The storm raged for three days and nights with high winds and monstrous waves. It capsized and sank three destroyers. Nine other warships were damaged, and more than 100 aircraft were wrecked or washed overboard.
The location and direction of the typhoon reported to Halsey were inaccurate, according to the Wookieepedia site, and Halsey unwittingly sailed the Third Fleet into the heart of the typhoon.
Ah, yes, and back to my illustrious career in the U.S. Naval Reserves…I was a seaman apprentice on a ship, the name of which escapes me, but I believe it was a destroyer, either that or the smaller destroyer escort.
We were off the East Coast, the first week of September, 1953, sailing between Cape Hatteras and Cape Cod, when Hurricane Carol, packing peak winds of 150 mph, came roaring up the coast and hit us.
The ship was manned chiefly by inexperienced reserves and its survival has to be classified as a miracle. At one point the ship, which was kept afloat by about five regular Navy sailors, was reported to be listing at 55 degrees. Much more than that and they said we could have gone bottom up.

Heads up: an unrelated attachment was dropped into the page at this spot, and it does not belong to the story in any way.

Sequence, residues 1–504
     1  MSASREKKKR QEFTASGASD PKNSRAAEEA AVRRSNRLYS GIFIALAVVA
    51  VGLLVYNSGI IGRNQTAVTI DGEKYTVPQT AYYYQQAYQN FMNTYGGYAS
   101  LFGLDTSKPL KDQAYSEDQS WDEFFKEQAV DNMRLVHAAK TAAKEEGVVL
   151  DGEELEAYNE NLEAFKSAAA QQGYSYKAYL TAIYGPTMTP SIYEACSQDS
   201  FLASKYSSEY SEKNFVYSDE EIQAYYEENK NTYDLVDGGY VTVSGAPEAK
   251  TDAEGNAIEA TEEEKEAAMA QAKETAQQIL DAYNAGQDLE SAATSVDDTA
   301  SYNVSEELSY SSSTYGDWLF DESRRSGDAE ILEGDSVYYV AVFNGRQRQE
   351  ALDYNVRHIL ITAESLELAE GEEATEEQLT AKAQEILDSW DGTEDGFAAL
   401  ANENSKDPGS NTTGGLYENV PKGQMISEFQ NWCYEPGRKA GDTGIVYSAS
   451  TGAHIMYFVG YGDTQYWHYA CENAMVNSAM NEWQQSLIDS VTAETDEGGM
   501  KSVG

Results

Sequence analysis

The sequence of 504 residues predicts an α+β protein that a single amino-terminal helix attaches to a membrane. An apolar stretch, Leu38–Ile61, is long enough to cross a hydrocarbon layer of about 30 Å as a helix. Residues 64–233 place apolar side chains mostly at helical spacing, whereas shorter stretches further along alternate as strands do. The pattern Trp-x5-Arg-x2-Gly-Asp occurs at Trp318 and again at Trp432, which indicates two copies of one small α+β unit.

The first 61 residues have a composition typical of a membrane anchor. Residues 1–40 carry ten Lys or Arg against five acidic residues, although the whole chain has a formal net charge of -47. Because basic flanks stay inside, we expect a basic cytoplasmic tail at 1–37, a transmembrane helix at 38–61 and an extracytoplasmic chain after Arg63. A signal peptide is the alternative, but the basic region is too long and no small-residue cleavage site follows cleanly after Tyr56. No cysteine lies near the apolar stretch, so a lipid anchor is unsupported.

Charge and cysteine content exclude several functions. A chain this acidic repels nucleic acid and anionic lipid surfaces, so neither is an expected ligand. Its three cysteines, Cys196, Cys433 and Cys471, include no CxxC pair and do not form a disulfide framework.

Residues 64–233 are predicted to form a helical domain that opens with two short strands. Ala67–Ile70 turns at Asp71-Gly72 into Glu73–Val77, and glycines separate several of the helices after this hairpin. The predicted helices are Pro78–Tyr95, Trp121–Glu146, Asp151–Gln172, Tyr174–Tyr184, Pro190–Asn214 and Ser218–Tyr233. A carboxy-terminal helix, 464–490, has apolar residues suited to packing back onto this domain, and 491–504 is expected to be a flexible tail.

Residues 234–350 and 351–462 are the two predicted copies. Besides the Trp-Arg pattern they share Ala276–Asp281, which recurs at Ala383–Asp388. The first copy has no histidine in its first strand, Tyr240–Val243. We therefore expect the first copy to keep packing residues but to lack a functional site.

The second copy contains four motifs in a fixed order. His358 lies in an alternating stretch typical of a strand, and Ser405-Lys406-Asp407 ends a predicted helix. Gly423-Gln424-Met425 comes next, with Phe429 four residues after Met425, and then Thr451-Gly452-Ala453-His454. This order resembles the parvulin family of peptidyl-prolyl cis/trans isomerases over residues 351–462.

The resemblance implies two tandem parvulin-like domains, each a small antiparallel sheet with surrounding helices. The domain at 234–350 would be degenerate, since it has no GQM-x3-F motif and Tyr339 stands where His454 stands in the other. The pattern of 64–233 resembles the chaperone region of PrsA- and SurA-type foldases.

Ronnie Cole, who owned the Cole Lincoln/Mercury dealership in Portsmouth, was one of my fellow reservists on board. He spent 36 hours strapped in his rack, moving only occasionally to throw up in a bucket.
I later wrote a poem about him titled “Hurricane Cole.”
I didn’t fare much better than Cole. I had radio watch. I dressed and made my way to the galley, where I wrapped one arm around a steel support post and held on long enough to down a pork chop on white bread.
I made my way up the ladders toward the radio shack, bouncing off bulkheads as the buttoned-up ship plowed through waves taller that it.